chore | ch ôr|
a routine task, esp. a household one
Today’s Word: Chore
Common Phrases and Usage in American English: “I have to finish all my household chores for tonight, then I can treat myself to some ice cream!” “Preparing those monthly reports at work is such a chore!”
My Take on the Definition and Guess as to the Origin: We usually refer to a chore as a form of work that is typically something mundane and basic. I guess that the origin of the word is in basic no-frills work. You know, all those non-glamorous errands and the stuff that “you just gotta do.”
ORIGIN mid 18th cent. (originally dialect and U.S.): variant of obsolete char or chare (see charwoman).
Hmm, I wouldn’t have thought that this word had recent origins in the U.S. Let’s take a look at the word ‘charwoman.’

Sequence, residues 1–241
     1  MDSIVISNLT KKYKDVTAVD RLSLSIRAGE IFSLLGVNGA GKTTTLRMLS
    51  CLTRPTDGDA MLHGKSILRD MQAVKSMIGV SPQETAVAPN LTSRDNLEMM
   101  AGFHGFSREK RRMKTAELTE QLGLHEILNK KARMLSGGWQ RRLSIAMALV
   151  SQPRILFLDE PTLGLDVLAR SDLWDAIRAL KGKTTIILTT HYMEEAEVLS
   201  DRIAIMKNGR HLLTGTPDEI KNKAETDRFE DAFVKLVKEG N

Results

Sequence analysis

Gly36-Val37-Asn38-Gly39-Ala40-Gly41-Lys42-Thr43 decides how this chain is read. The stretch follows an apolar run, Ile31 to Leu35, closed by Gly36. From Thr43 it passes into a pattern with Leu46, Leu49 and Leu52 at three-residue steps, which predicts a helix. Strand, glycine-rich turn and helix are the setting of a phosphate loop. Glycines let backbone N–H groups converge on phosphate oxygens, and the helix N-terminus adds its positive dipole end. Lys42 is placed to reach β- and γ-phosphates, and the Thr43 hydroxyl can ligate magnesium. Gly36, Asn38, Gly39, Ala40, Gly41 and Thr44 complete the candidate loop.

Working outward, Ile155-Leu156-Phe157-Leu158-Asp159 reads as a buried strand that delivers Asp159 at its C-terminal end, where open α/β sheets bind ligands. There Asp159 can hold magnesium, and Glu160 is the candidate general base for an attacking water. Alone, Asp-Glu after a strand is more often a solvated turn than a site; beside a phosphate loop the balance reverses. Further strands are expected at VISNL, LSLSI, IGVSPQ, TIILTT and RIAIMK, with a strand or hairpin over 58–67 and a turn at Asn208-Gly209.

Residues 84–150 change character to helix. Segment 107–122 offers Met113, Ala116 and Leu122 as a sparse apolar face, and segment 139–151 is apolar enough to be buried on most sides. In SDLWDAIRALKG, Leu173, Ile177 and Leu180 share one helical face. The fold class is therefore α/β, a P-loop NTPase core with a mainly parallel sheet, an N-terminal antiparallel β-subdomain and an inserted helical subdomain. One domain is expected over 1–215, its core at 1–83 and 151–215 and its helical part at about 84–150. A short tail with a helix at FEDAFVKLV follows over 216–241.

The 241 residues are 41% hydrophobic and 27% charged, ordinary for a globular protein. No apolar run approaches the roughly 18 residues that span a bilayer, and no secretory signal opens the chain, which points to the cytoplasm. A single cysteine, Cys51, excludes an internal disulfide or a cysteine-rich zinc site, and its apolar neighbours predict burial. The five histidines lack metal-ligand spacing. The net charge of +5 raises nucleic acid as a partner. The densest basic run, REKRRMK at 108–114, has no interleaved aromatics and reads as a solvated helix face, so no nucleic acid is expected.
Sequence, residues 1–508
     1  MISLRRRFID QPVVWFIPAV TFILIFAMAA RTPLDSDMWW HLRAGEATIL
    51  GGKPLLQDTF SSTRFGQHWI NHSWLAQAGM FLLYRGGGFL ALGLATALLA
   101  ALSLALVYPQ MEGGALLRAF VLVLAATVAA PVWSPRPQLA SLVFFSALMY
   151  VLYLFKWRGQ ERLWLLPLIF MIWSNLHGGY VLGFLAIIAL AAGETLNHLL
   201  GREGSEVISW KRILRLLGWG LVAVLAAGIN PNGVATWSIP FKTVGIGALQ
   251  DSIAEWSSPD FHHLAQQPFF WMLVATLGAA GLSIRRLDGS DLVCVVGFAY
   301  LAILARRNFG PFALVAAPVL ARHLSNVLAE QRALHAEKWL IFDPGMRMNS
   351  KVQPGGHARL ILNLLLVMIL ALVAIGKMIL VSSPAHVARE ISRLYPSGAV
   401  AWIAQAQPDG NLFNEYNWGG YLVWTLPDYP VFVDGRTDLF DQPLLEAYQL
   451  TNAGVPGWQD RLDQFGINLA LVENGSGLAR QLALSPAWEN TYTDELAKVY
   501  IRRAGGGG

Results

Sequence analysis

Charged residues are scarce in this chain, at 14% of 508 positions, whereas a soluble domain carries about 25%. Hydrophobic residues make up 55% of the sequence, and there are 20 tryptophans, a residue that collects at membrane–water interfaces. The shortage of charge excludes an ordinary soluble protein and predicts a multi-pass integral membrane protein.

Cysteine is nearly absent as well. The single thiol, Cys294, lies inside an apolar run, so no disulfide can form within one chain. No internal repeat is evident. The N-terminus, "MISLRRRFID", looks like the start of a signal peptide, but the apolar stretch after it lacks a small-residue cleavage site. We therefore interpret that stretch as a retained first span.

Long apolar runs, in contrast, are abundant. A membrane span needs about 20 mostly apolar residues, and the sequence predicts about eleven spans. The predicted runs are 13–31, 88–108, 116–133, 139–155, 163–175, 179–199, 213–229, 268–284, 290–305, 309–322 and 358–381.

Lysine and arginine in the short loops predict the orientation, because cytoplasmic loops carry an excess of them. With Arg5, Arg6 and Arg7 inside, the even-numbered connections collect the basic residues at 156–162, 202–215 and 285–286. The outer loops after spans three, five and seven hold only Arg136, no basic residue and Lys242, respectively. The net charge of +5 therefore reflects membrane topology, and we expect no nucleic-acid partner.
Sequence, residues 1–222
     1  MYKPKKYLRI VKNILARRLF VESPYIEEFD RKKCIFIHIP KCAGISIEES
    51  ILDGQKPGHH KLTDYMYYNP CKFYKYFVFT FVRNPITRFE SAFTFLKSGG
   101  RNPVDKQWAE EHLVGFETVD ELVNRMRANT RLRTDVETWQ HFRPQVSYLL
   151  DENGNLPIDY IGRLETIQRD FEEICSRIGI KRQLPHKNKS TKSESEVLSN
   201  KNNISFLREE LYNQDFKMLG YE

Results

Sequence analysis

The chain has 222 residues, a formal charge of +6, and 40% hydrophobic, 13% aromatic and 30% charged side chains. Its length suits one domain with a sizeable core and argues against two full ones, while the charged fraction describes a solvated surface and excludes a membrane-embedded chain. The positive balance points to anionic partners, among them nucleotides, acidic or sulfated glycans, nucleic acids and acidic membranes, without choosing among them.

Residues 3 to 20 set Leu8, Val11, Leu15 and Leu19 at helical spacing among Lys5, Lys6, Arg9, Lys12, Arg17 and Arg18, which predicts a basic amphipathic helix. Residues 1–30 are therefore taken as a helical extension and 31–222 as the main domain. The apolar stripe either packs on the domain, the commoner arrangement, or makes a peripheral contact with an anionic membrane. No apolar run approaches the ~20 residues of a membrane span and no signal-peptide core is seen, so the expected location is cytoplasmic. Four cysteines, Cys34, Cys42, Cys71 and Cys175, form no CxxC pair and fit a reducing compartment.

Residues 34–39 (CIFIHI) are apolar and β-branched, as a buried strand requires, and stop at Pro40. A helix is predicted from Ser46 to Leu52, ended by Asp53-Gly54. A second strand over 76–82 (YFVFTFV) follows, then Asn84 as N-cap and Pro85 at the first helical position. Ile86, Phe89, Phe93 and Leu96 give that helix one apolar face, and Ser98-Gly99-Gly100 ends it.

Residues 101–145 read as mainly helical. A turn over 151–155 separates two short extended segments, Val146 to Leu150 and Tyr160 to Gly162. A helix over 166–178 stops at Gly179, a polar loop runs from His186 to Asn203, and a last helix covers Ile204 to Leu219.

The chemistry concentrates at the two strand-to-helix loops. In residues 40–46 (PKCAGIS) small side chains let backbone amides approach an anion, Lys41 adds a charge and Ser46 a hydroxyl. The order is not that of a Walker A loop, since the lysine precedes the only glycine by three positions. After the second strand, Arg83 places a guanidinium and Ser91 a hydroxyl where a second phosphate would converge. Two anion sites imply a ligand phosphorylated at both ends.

charwoman |ˈ ch ärˌwoŏmən|
noun ( pl. -women) Brit., dated
a woman employed to clean houses or offices.
ORIGIN late 16th cent.: from obsolete char or chare [a turn of work, an odd job, chore] (obscurely related to chore ) + woman.
There you have it! From Britain to the U.S., those obsolete words of char or chare rear their heads from the history books to let us know that indeed ‘chore’ is some sort of boring, routine, dull work. I wasn’t too far off in my guess of the origin of ‘chore.’
When is something never a chore? When it’s something you actually like doing, I suppose. I wonder if there’s a joyful equivalent to ‘chore?’ I might just have to do some research on that. Regardless, I have a sneaking suspicion that the word “chore” will be around for some time.
Note: Dictionary used for definitions and references is The New Oxford American Dictionary, Version 2.2.3 (118.5), Apple Inc., Copyright 2005-2011